Many of our clients ask us about their chances of obtaining a home refinance after bankruptcy. With a bankruptcy on your record it is true that this will be more difficult but not impossible.
In the following article we show you how to do it and we will answer recurring questions on the topic. You also have the legal support of our bankruptcy lawyers in New York city. Feel free to call us and request a private consultation with our experts.
Why should I want to refinance my home after bankruptcy?
This is the first thing to think about. Although there are several reasons for wanting to refinance your mortgage, the main ones are:
- Get a lower interest rate;
- Lower the amount you pay in the monthly mortgage installments.
Many questions may come to mind:
- Are you now paying an interest rate on your mortgage that is higher than the current interest rate?
- Are you having trouble making ends meet and want to lower your monthly expenses?
- Also, are you trying to consolidate all your debts into one loan?
- Do you need money for repairs?
In this initial stage of doubt it is also a good time to contact our bankruptcy experts located in New York. Do you know your total debt? As finance specialists we can advise you on the best options for your specific case.
Keys to home refinance after bankruptcy in 2021
In many cases, bankruptcy is the only way to get a fresh financial start. In this regard, one of the first things you’ll want to do is refinance your home after bankruptcy.
Note: We have already written about the consequences of filing for bankruptcy in the United States. Bankruptcy will be a short and medium term relief for your debts but there are some long term consequences to be aware of.
Refinancing your home after bankruptcy will be complex and challenging, but not impossible. The first thing will be to know your options, these will be based on:
- The type of bankruptcy filed.
- Type of loan you want. Learn more about personal loans after bankruptcy.
- Your specific situation.
Knowing the rules of refinancing and planning the best time to do it will be key to success.
In the current blog post we are focused on home refinance after bankruptcy. You can read our section on buying a house after bankruptcy if you plan on getting a new house.
Home refinance after bankruptcy in Chapter 7 or 13
There are differences in a bankruptcy of Chapter 7 vs 13 that we have already discussed on our website. Let’s see below how they apply in this case and what the waiting times will be before you can refinance your home after bankruptcy.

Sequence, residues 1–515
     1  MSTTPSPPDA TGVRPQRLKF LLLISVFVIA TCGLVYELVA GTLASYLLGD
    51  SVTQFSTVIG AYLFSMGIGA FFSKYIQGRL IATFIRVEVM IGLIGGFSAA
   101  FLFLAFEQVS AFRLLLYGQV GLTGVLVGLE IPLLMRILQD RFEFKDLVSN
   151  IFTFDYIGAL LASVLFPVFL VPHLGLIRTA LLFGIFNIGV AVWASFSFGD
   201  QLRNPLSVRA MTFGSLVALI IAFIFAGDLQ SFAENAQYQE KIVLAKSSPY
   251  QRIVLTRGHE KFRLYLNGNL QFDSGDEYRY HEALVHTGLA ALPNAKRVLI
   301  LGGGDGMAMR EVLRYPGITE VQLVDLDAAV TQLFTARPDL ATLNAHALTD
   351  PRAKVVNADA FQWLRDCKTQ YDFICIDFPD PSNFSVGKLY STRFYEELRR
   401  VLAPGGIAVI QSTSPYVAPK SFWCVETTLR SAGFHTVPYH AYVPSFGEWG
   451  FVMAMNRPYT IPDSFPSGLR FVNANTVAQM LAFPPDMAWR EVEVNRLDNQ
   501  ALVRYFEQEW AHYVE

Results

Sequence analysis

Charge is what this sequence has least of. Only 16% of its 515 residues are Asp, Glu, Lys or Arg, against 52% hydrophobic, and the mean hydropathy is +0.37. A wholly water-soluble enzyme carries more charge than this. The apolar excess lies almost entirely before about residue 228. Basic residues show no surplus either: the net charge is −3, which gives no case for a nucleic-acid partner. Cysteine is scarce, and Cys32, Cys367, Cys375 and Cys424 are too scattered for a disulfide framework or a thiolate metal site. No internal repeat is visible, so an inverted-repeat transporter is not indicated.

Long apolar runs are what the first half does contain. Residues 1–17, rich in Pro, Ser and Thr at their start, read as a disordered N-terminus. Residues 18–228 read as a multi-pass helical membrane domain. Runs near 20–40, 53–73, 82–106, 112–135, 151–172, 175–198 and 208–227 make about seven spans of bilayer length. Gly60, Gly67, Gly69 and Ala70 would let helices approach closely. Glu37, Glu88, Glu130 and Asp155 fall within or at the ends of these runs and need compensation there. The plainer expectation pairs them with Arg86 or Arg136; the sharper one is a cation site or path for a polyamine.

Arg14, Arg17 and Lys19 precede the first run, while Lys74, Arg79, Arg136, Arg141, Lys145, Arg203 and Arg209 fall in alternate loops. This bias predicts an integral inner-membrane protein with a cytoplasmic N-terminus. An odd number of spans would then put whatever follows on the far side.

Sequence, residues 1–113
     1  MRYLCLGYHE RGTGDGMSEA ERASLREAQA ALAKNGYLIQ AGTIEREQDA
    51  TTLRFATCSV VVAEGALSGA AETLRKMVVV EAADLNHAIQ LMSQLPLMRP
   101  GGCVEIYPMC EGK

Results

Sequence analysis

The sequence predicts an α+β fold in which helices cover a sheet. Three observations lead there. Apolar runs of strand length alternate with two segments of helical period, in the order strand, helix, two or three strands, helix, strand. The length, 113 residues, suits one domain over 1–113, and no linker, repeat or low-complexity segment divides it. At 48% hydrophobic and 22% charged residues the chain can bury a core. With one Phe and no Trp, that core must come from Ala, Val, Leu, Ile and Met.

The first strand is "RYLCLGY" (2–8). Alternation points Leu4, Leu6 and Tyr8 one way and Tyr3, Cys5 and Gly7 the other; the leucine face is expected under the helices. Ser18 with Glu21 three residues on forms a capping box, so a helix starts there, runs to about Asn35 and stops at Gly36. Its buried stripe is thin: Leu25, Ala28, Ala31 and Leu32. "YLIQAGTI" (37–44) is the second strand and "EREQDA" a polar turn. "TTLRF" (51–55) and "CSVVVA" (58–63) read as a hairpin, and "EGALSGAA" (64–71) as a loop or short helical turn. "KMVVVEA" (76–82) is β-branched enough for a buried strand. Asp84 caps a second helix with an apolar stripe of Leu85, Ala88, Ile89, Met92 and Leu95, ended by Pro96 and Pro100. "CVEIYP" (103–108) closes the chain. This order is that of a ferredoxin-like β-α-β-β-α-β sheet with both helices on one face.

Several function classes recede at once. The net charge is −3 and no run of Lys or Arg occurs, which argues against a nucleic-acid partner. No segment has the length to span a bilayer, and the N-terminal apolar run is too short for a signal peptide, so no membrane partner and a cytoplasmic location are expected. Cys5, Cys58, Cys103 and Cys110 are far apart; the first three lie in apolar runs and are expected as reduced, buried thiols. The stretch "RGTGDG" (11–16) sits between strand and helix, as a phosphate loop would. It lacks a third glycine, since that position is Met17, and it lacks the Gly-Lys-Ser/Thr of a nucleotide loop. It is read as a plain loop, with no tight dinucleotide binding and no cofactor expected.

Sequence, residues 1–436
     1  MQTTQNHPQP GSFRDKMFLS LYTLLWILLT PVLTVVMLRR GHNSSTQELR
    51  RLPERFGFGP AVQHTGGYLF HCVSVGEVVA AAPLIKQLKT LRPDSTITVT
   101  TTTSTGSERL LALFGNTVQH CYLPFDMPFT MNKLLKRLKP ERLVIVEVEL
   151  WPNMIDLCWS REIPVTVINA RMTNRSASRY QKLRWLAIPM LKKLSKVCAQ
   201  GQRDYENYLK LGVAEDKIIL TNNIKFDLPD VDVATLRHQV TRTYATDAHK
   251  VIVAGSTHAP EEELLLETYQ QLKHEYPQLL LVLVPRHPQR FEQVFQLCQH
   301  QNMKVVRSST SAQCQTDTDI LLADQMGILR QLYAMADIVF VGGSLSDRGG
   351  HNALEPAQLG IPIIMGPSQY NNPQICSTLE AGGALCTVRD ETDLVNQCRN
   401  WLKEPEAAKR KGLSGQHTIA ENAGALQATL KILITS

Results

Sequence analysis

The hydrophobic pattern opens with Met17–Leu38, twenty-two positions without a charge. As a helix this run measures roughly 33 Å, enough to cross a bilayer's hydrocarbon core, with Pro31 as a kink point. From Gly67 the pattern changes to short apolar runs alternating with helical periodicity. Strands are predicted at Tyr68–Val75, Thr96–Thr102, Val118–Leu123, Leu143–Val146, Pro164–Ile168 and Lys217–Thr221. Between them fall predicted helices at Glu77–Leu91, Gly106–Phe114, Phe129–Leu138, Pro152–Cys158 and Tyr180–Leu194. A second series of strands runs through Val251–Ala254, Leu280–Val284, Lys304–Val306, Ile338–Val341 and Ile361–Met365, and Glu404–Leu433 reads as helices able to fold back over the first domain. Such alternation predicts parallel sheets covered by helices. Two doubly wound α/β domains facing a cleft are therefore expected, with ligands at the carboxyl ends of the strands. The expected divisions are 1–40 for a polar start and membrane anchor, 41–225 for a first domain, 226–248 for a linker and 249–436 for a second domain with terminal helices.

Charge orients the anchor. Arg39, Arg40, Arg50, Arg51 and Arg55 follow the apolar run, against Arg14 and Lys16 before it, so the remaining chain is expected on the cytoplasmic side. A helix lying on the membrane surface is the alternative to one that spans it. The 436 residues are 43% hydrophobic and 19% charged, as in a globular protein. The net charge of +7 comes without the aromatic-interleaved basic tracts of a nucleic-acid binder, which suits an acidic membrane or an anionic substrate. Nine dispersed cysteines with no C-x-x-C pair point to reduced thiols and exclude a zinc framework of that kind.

Refinance my home under Chapter 7
- Bankruptcy will stay on your credit report for 10 years.
- After debt discharge, you must wait 2 years for government-backed mortgages. For example, a loan from the Federal Housing Administration (FHA).
- It will be a 3-year wait to obtain a USDA loan.
- It will be 4 years of waiting to apply for a conventional home loan. That is, a loan that is not backed by the federal government and meets the limits set by Fannie Mae and Freddie Mac.
Note: This article assumes your knowledge of Chapter 7. If not, check out our complete guide to filing for bankruptcy Chapter 7.
Refinancing My Home Under Chapter 13
- One day after your bankruptcy discharge date, you may qualify for a refinance if you have a government-backed VA loan.
- For a conventional mortgage loan, the waiting period will be 2 years.
Note: Our guide on filing for bankruptcy Chapter 13 will give you all the information you need to know about this chapter.
Chapter 7 vs. 13 conclusions
It is most likely that you will have a harder time getting a refinance under Chapter 7 because:
- You pose a much higher risk as a borrower because you did not reach an agreement with your previous creditors to pay the debt.
- A Chapter 7 bankruptcy stays on your credit report for a longer period. This affects your credit score negatively.
You must show lenders that you are in control of your finances before you can refinance. To do this and to increase your chances of receiving this refinancing:
- Ask your employer for a letter that mentions your excellent performance and long-term potential in the company.
- Keep proof of income and other documentation that shows you pay your bills on time.